Prime Minister Benjamin Netanyahu may be attempting to distance himself from a report calling on the government to retroactively approve several illegal West Bank outposts and ease restrictions on settlement building.
Netanyahu convened the Ministerial Committee for Settlement Affairs Tuesday to discuss various issues relating to outposts, but refused to discuss the so-called Levy Report when Ministers Daniel Hershkowitz and Gilad Erdan brought it up, Haaretz reported on Wednesday.
Put together by the Cabinet at the behest of Netanyahu in January, and headed by pro-settlement former Supreme Court justice Edmond Levy, the committee was tasked with examining “steps to be taken to regularize construction” in the settlements and recommending an appropriating process to “clarify land issues” in the West Bank. Its 89-page report was released to the government on June 21 and publicized July 9.
Since its release, the controversial report has garnered wide support in the right wing, but has been lambasted by liberals and the international community.
Netanyahu said he would convene the ministerial committee over the next several months to discuss how to proceed with the report, which he called “serious.”
Levy wrote that the settlement enterprise was created at the behest of the State of Israel, but criticized the lack of clear policy vis-a-vis construction and regulation.
The report recommends easing regulations on Jewish settlement in the West Bank by regulating zoning and planning, halting scheduled demolitions and planning building in accordance with population growth.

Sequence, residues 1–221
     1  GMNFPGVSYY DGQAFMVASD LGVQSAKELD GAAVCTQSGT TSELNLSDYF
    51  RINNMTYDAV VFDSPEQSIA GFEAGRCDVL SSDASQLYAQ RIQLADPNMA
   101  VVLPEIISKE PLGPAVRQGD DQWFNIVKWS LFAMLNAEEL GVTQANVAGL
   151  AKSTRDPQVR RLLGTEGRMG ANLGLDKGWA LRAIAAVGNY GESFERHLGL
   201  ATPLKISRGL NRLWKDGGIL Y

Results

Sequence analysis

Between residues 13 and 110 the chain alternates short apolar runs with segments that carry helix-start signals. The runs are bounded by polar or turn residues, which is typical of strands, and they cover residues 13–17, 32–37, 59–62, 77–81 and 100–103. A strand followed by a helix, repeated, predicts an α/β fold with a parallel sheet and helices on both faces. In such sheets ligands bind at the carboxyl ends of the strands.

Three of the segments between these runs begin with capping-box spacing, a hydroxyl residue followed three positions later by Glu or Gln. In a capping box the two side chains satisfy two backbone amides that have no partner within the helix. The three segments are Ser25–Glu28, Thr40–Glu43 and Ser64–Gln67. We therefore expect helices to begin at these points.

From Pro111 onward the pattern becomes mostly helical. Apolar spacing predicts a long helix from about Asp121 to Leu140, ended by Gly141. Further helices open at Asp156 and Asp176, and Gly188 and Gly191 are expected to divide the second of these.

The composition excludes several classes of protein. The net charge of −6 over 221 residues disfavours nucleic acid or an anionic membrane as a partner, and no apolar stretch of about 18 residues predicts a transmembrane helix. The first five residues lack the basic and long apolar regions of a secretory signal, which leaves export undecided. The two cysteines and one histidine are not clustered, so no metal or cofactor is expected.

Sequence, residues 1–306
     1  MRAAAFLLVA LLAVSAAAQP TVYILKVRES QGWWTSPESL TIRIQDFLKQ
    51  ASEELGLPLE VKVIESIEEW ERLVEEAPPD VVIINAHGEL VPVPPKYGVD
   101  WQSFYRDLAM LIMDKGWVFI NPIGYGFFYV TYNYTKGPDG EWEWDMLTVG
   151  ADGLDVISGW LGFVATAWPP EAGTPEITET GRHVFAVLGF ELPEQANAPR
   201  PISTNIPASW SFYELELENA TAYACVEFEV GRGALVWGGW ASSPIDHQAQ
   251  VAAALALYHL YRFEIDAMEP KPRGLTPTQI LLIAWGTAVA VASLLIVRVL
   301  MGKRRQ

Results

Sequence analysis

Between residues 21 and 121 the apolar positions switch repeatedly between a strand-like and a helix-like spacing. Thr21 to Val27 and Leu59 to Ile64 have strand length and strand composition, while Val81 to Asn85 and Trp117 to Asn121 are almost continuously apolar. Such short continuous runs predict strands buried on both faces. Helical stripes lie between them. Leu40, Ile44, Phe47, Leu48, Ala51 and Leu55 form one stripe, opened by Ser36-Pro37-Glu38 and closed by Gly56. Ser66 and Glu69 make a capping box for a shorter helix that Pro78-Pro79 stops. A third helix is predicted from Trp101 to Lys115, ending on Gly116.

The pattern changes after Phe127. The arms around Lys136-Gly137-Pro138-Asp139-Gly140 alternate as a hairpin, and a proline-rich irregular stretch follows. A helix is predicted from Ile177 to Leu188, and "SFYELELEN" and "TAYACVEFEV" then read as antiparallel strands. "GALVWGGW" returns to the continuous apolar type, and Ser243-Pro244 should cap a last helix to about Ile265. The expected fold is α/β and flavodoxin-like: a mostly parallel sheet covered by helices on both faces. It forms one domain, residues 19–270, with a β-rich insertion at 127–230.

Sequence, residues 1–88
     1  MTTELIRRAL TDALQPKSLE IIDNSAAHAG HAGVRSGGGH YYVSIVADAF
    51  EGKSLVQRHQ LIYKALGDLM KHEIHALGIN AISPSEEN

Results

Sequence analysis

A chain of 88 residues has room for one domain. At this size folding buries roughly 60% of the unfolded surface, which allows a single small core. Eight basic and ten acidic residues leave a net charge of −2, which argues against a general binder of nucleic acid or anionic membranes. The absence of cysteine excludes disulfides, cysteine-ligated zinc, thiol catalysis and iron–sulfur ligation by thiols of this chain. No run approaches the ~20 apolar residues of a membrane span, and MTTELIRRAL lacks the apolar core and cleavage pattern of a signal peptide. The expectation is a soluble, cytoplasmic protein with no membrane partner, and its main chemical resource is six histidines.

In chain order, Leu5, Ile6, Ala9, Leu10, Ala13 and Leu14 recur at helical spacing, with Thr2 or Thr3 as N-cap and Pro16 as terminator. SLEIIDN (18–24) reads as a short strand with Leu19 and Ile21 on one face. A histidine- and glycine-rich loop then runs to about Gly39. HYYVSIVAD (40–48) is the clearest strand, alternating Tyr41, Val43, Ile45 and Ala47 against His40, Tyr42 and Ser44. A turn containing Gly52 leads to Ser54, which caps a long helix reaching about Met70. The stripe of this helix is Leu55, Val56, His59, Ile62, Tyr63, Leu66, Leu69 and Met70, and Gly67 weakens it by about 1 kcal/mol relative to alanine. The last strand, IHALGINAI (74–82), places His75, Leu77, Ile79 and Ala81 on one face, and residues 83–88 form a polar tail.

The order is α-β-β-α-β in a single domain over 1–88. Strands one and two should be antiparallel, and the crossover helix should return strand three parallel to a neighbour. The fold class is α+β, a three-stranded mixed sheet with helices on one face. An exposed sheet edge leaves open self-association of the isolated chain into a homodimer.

It states that “Israel does not meet the criteria of ‘military occupation’ as defined under international law” in the West Bank, and therefore the settlements and outposts are legal, since there is no provision in international law prohibiting Jewish settlement in the area.
The committee’s findings also assert that the Fourth Geneva Convention does not apply to the West Bank because it is not actually occupied territory. Those are the findings that Netanyahu reportedly fears would cause international outcry, because although Israel has not admitted that the convention applies to the West Bank it has informally pledged to honor its humanitarian provisions.
The findings of the Levy report are at odds with previous legal opinions, most notably the 2005 report by attorney Talia Sasson compiled for prime minister Ariel Sharon, which found that some 120 West Bank outposts were illegal.
Sasson came out strongly against the findings of the Levy report upon its publication, saying that the report has no legal standing and ignores four decades of court rulings on the legality of unauthorized settlement in the West Bank.
In mid-July, The New York Times warned in an editorial that “although nonbinding, the commission’s recommendations are bad law, bad policy and bad politics,” and called upon Prime Minister Benjamin Netanyahu to “firmly reject” the findings.
It further stated that the acceptance of the Levy findings would cause international attention to shift away from Iran’s nuclear program at a crucial time.
The US State Department also stated its discontent with the report. “The US position on settlements is clear,” State Department spokesman Patrick Ventrell said the day after its publication. “Obviously, we’ve seen the reports that an Israeli government-appointed panel has recommended legalizing dozens of Israeli settlements in the West Bank, but we do not accept the legitimacy of continued Israeli settlement activity, and we oppose any effort to legalize settlement outposts.”
Yesh Din, a human-rights group that monitors the West Bank, said the Levy report was “born in sin” as an ideological platform instead of an unbiased legal opinion and asserted that the findings of the report are contrary to Israeli and international law.
Gabe Fisher contributed to this report.